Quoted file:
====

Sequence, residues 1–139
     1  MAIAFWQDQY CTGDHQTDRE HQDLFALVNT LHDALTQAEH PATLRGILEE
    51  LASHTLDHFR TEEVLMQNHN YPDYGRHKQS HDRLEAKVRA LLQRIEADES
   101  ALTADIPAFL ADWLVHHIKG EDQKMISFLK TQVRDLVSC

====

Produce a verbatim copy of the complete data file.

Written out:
Sequence, residues 1–139
     1  MAIAFWQDQY CTGDHQTDRE HQDLFALVNT LHDALTQAEH PATLRGILEE
    51  LASHTLDHFR TEEVLMQNHN YPDYGRHKQS HDRLEAKVRA LLQRIEADES
   101  ALTADIPAFL ADWLVHHIKG EDQKMISFLK TQVRDLVSC